If you’ve ever spent hours debugging your Java code, today’s blog post is for you.

Often bugs that are frustratingly elusive and hard to track down appear simple or even trivial once you have found their cause (the fault). Why are those bugs hard to track down? One possibility is that the fault is in a completely different part of the program than its symptom (the failure).


Contracted code reveals failures much closer to their fault, leaving you with a far simpler problem to solve:

Traditionally, Java programmers enforced preconditions using explicit parameter validation code in public methods, and assertions in non-public methods. Likewise, they enforced invariants and postconditions using assertions. This approach is described in detail here. Since then, new features in Java 5 have enabled a more convenient and expressive implementation of contracts.

Contracts for Java is our new open source tool. Preconditions, postconditions, and invariants are added as Java boolean expressions inside annotations. By default these do nothing, but enabled via a JVM argument, they’re checked at runtime.
@Requires, @Ensures, @ThrowEnsures and @Invariant specify contracts as Java boolean expressions
• Contracts are inherited from both interfaces and classes and can be selectively enabled at runtime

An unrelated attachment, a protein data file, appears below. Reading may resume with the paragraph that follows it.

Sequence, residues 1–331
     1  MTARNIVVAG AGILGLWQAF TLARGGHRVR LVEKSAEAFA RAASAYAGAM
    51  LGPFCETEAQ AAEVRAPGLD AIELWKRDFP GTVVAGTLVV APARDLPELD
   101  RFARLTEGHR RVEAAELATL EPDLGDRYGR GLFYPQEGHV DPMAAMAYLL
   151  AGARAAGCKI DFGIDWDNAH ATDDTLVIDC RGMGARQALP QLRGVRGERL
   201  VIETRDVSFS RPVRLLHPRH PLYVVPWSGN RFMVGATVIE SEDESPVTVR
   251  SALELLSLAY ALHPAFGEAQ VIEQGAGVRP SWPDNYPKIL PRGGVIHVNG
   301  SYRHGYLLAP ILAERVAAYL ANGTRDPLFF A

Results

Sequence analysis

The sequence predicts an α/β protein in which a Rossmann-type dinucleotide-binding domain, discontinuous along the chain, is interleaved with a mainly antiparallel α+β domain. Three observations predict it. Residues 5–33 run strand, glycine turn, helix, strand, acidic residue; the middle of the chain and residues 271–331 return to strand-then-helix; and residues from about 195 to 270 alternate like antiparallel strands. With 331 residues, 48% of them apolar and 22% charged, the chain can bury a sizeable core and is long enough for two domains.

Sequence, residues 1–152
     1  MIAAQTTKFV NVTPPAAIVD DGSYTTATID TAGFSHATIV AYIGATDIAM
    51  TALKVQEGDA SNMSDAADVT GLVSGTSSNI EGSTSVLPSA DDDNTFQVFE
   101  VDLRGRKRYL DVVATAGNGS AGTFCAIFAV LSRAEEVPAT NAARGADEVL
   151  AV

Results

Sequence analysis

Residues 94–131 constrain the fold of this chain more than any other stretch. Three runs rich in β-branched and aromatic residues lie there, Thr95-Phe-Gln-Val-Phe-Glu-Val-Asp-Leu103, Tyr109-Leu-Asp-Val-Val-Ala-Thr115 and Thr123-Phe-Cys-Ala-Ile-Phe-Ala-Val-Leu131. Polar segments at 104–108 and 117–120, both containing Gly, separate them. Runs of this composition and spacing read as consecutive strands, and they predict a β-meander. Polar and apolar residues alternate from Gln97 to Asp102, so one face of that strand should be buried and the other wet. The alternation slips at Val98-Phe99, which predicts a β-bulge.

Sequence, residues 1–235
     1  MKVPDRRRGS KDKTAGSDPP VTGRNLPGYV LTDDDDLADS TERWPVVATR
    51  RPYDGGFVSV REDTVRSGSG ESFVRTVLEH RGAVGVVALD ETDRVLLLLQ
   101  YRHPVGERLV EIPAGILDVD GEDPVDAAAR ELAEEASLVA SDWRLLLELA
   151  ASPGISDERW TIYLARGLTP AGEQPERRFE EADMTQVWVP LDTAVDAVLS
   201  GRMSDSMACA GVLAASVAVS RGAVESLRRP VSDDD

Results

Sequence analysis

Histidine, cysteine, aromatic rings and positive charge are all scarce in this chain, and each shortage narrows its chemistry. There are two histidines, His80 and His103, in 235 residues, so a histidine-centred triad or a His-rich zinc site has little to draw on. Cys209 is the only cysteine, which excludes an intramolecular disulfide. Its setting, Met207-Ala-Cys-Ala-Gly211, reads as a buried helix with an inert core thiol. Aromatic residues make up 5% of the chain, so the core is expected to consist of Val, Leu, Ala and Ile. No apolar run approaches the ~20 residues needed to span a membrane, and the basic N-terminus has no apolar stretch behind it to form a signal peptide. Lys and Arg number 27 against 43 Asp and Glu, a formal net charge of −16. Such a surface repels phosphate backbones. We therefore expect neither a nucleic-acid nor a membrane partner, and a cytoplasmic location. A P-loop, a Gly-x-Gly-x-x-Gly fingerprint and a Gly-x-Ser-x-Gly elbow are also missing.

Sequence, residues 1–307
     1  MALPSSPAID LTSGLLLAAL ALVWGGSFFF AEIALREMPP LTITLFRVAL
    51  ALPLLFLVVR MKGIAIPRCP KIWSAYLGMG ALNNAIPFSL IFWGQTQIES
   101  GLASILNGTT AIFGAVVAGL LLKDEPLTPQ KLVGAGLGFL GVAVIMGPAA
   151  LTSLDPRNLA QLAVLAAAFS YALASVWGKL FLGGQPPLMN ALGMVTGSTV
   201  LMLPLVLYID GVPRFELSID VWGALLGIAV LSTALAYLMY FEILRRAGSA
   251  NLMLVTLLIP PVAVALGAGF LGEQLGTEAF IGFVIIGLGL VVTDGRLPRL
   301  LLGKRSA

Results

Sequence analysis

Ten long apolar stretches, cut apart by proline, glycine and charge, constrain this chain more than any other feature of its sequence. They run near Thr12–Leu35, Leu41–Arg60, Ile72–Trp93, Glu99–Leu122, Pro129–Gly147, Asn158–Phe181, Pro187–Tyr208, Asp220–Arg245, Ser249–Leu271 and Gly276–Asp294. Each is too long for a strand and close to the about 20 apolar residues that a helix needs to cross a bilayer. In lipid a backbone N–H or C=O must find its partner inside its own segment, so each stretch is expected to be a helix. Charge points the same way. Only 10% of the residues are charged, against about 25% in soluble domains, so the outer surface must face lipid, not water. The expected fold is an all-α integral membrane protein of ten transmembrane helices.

Contracts help you turn interface documentation into code. For example:

/**
* @param left a sorted list of elements
* @param right a sorted list of elements
* @return the contents of the two lists, merged, sorted
*/
List merge(List left, List right);


Could be expressed as:

@Requires({
"Collections.isSorted(left)",
"Collections.isSorted(right)"
})
@Ensures({
"Collections.containsSame(result, Lists.concatenate(left, right))",
"Collections.isSorted(result)"
})
List merge(List left, List right);


The interface is now precise and every class that implements it can be checked at runtime.

Contracts are a powerful language feature and can provide great benefit if used correctly. We recommend that newcomers find an expert to learn from or spend some time reading around the subject to pick up good habits and avoid bad ones.

One point that often surprises people is that contracts must not be used to validate data. Contracts exist to check for programmer error, not for user error or environment failures. Any difference between execution with and without runtime contract checking (apart from performance) is by definition a bug. Contracts must never have side effects.

Another important point is that by convention module interfaces in Java are total, that is, they are defined for all input. In the case of incorrect input, they promise that a particular exception will be thrown. This behavior remains part of each method’s implementation and cannot be moved to the contract.

Contracts for Java is based on Modern Jass by Johannes Rieken. Rather than being a full time project it was conceived and developed in the 20% time of two software engineers and then developed further through an internship. The internship report (PDF) goes into detail about the work done and the methodologies used.

Contracts for Java was inspired by Eiffel, a language invented by Bertrand Meyer, which has built in support for contracts.

By David Morgan, Andreas Leitner and Nhat Minh Le, Contracts for Java 20% Team